‘The Last of Us’: A show about people not zombies

Video game adaptation showcases character depth, emotional whirlwind that persists in apocalyptic future


Eliza Jensen

Joel (Pedro Pascal) embarks on a journey through an apocalyptic 2023 to deliver Ellie (Bella Ramsey) to the rebel paramilitary “Fireflies.” Over the course of the show, the two main characters form a bond that showcases how love can bring out the best and worst in people.

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Eliza Jensen, co-a&e and co-online managing editor

The Last of Us, a 2013 post-apocalyptic action-adventure game, quickly became known among fans as one of the greatest games ever made with one of the most breathtaking stories told through a video game.

So when the news dropped that HBO would be creating an adaptation of their favorite game, fans were ecstatic, but with that anticipation came one overarching problem. Despite their high expectations, fans feared that the series would turn out like the disappointing Uncharted movie and Netflix’s Resident Evil series. 

Created by Craig Mazin and game creator Neil Druckmann, HBO’s The Last of Us excels in an endeavor where previous studios failed. The nine-episode series takes meaningful steps to make the show the best it can be and enjoyable for both new and old viewers. The show takes some liberties with some aspects of the plot, namely the change from spores to tendrils and a 10-year shift in the story’s timeline, beginning in 2003 instead of 2013. 

Set in Austin, a young girl, Sarah (Nico Parker), travels downtown to repair her father’s broken watch for his birthday. As night falls, her father, Joel (played by the talented Pedro Pascal), returns from his double shift and the two enjoy the rest of the night with his favorite action movie Curtis and Viper 2. After falling asleep, Sarah wakes up alone on the couch, wondering where her father has gone. With Joel having gone to pick up his brother, Tommy (Gabriel Luna), from jail, Sarah gets up to look for him and ventures outside to find the world she had known had transformed into something out of a horror movie.

Twenty years after the Cordyceps fungus ravaged the world, Joel is hired to smuggle and protect what could be humanity’s last hope, a 14-year-old girl named Ellie (Bella Ramsey), out of Boston’s oppressive quarantine zone. Together they embark on a brutal journey across the United States in search of a rebel militia group, the Fireflies.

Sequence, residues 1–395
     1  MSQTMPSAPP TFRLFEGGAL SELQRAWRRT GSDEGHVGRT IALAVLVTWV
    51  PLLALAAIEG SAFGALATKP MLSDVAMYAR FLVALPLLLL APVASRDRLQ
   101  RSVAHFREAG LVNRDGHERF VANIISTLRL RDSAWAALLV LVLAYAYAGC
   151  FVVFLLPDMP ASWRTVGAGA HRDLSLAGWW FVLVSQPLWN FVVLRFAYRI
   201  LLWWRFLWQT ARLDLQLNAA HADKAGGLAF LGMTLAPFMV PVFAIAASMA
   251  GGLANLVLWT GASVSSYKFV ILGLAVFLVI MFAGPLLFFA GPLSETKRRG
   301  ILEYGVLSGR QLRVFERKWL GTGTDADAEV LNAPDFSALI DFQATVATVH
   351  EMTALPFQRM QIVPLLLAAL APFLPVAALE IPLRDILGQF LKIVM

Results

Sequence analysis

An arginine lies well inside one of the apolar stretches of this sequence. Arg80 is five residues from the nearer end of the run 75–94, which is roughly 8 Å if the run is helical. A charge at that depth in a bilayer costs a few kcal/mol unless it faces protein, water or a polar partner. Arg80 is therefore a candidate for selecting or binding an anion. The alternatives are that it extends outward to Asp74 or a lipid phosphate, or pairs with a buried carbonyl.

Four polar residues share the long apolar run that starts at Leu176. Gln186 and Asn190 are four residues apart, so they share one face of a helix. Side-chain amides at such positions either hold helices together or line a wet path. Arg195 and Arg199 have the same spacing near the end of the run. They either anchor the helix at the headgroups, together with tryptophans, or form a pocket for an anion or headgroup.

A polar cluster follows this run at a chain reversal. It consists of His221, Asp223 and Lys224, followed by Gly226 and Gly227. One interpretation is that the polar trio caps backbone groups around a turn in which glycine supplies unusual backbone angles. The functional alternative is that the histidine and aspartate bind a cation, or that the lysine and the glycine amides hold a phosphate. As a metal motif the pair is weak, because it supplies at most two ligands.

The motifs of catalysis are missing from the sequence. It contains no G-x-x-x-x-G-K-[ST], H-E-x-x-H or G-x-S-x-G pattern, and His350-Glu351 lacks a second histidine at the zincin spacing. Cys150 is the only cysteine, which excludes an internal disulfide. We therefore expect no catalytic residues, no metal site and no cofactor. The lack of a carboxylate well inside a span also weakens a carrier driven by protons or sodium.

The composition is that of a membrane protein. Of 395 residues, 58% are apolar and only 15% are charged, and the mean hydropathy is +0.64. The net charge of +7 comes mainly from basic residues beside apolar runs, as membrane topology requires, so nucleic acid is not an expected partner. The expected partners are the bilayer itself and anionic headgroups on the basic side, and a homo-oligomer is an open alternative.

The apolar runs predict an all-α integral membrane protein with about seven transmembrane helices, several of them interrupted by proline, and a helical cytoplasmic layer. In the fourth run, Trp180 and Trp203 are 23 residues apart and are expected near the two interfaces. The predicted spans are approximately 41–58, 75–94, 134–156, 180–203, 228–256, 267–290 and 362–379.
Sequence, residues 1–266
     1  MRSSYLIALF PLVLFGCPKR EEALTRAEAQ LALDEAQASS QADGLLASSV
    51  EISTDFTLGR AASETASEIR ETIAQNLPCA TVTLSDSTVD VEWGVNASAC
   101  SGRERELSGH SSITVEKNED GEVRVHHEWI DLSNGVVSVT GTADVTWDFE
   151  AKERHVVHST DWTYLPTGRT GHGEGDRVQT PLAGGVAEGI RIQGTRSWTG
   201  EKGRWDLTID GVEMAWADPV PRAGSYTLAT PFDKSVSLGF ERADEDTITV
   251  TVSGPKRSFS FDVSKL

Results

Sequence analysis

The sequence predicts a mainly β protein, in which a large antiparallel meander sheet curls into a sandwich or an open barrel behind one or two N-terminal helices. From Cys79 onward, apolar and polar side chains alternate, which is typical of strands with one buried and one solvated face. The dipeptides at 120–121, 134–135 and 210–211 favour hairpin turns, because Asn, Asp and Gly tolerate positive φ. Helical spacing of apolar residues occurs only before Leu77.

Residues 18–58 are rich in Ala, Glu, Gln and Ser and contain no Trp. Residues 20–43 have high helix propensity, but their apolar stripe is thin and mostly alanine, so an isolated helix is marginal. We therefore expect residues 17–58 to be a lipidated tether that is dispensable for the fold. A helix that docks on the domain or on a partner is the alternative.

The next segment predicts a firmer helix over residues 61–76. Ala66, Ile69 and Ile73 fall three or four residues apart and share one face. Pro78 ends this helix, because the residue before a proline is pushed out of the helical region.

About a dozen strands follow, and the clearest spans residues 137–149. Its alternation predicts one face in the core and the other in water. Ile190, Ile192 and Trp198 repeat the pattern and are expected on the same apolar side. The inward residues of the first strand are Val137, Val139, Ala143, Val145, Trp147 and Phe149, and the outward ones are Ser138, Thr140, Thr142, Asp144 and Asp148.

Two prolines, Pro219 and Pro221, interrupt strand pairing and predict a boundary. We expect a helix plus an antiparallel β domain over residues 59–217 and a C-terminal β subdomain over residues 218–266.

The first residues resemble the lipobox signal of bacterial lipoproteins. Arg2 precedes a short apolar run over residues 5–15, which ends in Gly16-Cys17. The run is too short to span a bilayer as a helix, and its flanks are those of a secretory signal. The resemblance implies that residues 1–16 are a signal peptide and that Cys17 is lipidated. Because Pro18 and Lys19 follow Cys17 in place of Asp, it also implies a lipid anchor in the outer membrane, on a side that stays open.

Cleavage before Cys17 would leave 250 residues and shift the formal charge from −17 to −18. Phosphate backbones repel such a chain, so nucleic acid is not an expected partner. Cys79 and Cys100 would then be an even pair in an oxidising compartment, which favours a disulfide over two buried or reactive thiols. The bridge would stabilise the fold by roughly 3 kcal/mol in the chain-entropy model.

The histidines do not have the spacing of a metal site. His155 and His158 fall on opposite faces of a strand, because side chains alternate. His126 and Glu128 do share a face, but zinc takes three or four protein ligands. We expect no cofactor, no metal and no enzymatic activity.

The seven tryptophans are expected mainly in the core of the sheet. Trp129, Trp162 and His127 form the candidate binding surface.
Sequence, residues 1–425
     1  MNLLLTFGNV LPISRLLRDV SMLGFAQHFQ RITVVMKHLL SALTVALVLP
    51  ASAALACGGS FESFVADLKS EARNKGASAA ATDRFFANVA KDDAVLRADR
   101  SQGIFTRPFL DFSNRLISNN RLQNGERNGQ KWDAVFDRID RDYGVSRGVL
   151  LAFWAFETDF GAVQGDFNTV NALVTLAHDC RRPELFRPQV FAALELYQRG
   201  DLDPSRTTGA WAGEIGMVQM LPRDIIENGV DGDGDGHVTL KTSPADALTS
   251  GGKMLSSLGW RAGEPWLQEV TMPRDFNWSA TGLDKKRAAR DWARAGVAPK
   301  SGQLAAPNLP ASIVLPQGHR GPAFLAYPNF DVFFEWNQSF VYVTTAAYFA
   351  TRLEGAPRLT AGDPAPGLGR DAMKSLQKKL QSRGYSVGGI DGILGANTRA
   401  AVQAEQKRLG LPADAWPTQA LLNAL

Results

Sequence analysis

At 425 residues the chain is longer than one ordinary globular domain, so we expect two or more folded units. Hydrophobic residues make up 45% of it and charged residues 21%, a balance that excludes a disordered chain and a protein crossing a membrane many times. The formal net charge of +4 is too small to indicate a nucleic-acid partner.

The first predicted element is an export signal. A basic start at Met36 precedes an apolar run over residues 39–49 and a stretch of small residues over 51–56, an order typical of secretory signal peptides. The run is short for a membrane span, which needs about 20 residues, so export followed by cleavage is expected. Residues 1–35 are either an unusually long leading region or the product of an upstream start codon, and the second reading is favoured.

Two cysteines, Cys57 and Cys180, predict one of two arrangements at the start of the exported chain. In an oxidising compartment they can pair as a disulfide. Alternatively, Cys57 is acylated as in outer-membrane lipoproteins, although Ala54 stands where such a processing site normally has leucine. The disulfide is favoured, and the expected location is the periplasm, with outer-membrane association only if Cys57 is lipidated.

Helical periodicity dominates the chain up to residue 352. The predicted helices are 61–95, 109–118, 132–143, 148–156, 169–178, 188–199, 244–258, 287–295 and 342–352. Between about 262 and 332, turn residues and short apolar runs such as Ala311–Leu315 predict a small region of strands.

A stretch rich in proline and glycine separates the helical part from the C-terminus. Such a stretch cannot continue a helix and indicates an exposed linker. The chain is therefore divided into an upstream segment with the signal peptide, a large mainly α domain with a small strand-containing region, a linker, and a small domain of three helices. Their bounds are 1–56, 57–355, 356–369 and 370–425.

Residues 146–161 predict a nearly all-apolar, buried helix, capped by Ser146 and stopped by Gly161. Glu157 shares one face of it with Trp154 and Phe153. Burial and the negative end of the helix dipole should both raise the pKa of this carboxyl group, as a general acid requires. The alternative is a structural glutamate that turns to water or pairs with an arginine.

Before the show was even released fans were skeptical about how faithful the adaptation would be. 

Of course, not everything can be a shot-for-shot remake of the game.

Of course, not everything can be a shot-for-shot remake of the game. Things will be added and taken away for things to make sense in a different medium. The backlash the show is facing is primarily due to the few creative liberties the show seems to be taking. Episode three, a stand-alone story centering around the developing relationship between two unlikely partners Bill (played by the outstanding Nick Offerman) and Frank (played by White Lotus’s Murray Bartlett), garnered major attention from outraged fans and viewers who believe that the episode deviates too far from the game and pushes an “LGBTQ agenda,” despite the changes being fully backed by the game’s creator and the widespread critical acclaim the show has received.  

When the casting was originally announced, Bella Ramsey received a massive amount of backlash for not looking like her video game counterpart. She was bullied for her appearance and criticized for her portrayal of Ellie before she even got a chance to showcase her skills in the first episode. Looks aren’t everything for a character. What matters is their personality and Bella Ramsey knocked it out of the park in that department. She captures Ellie’s sass and fiery nature perfectly and makes it known that no other actor could have played this character as well as she did.

Bella Ramsey captures Ellie’s sass and fiery nature perfectly and makes it known that no other actor could have played this character as well as she did.

The show excels at telling an engaging and heartbreaking story at every chance it gets. Each episode is filled with wonderfully written characters and an incomparable narrative. With every change, the creators have made an already tragic story even more devastating.

The Last of Us is not about zombies. It’s a show and story about love. It’s a story about people and the relationships they create in a rather hopeless world. Neither the show nor the game centered around the infected; it was always a story about an unlikely pair being brought together and learning how to make their way through the world. HBO’s The Last of Us encapsulates not only Joel and Ellie’s bond but the personalities and relationships of all the original characters beautifully.